The Turkmen Embassy in Moscow has denied that the homes of holders of dual Russian-Turkmen citizenship are being confiscated by the authorities in Ashgabat, reported on 30 June. The report quoted an unnamed diplomat at the embassy as saying that it is "total nonsense" that people without Turkmen citizenship have no right to own property in Turkmenistan. The controversy, however, involves holders of dual Turkmen-Russian citizenship. Apparently the diplomat considered that dual citizens who had not renounced their Russian citizenship by 22 June -- and according to the Russian Foreign Ministry none did so -- were no longer citizens of Turkmenistan, although Russia does not accept this interpretation. Although quotes an unidentified informant from an unnamed agency as saying that any foreigner can buy an apartment in Ashgabat, Turkmen law prohibits property ownership by foreigners. However, this law, like many others, appears to be subject to broad interpretation. BB

On 27 June Russia's Union of Rightist Forces (SPS) issued a declaration calling on the Russian authorities to intervene on behalf of dual citizens in Turkmenistan, comparing the confiscation of the apartments of dual citizens to Stalin's deportation of entire nations, Interfax reported on 28 June. The text of the declaration can be found on the party's website ( On 29 June, about 20 party activists attempted to picket the Turkmen Embassy in Moscow to protest the alleged violations of the rights of Russian citizens in Turkmenistan, but the picketing was broken up by police after just 10 minutes, Interfax reported. Reportedly, two picketers were taken away by police because the protest was not officially sanctioned. According to a 29 June report on Ekho Moskvy, the SPS organized two pickets that day, one at the Turkmen Embassy and one at the offices of Gazprom, the chief beneficiary of the Turkmen natural-gas contract signed in April (see "RFE/RL Newsline," 11 April 2003). The same day, Deutsche Welle reported that participants in a conference of Russian electronic media beyond Russia's borders being held in Moscow declared their solidarity with the journalists of Turkmenistan and expressed concern over the human rights situation in that country. BB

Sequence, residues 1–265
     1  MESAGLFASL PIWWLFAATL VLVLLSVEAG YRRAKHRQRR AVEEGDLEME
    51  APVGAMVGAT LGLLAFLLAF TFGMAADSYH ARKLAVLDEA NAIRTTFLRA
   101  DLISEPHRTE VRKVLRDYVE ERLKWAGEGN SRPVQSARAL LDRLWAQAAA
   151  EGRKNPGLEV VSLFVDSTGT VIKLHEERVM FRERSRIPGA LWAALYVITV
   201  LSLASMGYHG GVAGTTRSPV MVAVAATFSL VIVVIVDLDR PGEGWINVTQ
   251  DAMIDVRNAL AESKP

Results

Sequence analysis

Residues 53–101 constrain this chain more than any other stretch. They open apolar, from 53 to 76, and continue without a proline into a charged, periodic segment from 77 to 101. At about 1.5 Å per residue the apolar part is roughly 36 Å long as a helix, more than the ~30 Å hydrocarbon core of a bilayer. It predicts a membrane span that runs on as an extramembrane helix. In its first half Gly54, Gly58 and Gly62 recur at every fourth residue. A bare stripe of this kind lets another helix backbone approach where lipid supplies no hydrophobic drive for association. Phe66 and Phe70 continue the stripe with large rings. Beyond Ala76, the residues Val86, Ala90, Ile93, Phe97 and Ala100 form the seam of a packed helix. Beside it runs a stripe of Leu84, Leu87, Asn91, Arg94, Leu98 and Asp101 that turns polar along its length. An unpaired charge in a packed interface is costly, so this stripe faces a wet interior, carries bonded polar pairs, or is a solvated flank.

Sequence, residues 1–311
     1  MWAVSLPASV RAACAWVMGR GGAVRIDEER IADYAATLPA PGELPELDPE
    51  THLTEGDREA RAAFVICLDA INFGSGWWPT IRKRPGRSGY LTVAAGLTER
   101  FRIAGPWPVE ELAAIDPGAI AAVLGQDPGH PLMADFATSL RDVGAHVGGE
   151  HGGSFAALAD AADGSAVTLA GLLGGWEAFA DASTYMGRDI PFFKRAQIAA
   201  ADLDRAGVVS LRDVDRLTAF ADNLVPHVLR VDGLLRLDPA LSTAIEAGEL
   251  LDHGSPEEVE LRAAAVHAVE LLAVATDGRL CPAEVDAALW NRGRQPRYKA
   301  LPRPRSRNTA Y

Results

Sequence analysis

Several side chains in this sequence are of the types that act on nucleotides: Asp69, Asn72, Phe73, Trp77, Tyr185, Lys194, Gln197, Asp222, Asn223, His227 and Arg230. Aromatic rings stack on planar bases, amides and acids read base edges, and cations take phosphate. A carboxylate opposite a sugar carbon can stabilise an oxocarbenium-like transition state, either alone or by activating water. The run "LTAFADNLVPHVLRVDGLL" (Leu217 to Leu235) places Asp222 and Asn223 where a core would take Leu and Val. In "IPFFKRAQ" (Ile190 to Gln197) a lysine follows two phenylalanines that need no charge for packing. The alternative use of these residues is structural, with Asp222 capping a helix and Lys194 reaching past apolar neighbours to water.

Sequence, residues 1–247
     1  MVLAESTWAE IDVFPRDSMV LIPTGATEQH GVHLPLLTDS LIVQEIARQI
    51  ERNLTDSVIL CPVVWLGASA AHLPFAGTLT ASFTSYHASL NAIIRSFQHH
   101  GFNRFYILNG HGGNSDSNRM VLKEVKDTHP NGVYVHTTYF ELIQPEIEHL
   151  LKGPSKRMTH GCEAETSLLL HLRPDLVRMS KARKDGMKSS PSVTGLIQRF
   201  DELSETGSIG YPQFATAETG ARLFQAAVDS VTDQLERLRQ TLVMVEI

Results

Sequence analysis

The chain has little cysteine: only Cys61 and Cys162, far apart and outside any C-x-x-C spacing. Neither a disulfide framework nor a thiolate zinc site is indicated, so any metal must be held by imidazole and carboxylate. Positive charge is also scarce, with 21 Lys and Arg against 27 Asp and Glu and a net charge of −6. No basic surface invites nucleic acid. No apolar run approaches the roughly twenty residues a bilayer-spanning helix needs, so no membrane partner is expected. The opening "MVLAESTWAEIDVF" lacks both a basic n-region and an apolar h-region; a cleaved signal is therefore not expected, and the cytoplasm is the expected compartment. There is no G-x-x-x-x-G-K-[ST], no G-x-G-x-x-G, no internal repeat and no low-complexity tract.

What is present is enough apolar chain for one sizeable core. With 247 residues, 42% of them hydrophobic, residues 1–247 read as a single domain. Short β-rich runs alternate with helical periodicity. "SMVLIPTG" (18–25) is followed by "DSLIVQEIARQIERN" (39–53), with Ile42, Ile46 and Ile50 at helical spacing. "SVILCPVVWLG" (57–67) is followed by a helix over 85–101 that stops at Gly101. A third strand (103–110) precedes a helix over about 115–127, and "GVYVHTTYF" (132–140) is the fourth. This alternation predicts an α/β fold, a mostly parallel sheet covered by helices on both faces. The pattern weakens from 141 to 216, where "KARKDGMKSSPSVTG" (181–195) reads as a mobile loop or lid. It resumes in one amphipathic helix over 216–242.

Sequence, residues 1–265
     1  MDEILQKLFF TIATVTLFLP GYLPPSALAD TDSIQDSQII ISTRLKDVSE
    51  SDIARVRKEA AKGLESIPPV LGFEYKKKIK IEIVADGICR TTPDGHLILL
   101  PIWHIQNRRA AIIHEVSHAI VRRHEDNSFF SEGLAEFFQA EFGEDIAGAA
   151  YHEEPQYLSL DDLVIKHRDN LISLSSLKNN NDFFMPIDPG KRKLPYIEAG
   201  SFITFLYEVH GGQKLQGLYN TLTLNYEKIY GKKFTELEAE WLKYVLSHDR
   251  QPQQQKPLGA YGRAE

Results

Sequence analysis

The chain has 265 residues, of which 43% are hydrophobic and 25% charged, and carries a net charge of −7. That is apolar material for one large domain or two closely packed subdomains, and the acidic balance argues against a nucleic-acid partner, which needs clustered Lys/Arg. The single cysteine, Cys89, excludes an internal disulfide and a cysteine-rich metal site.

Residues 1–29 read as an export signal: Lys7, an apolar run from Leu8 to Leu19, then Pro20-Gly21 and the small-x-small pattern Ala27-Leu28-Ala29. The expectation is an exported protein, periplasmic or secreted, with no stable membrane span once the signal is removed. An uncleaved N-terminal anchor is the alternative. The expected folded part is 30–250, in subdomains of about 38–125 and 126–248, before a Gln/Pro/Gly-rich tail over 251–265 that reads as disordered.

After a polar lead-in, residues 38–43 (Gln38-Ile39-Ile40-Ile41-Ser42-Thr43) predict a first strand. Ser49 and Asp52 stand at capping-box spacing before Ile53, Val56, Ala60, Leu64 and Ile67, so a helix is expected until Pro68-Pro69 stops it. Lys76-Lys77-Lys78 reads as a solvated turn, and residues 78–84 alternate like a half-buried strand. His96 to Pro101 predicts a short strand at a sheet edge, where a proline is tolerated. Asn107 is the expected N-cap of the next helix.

The Moscow Helsinki Group held a meeting on 26 June to discuss the creation of a Turkmen Helsinki Group, Deutsche Welle reported on 28 June. Moscow group head Lyudmila Alekseeva acknowledged that a Turkmen Helsinki Group would have to work in exile because of the antipathy of the Turkmen authorities to nongovernmental organizations, in particular to those dealing with human rights. Consequently, the names of group activists working inside Turkmenistan would be kept secret. According to Alekseeva, the question of creating a Turkmen Helsinki Group will be examined by the International Helsinki Federation in the near future. If it is approved, the group would be the first Helsinki Group in exile, she noted. BB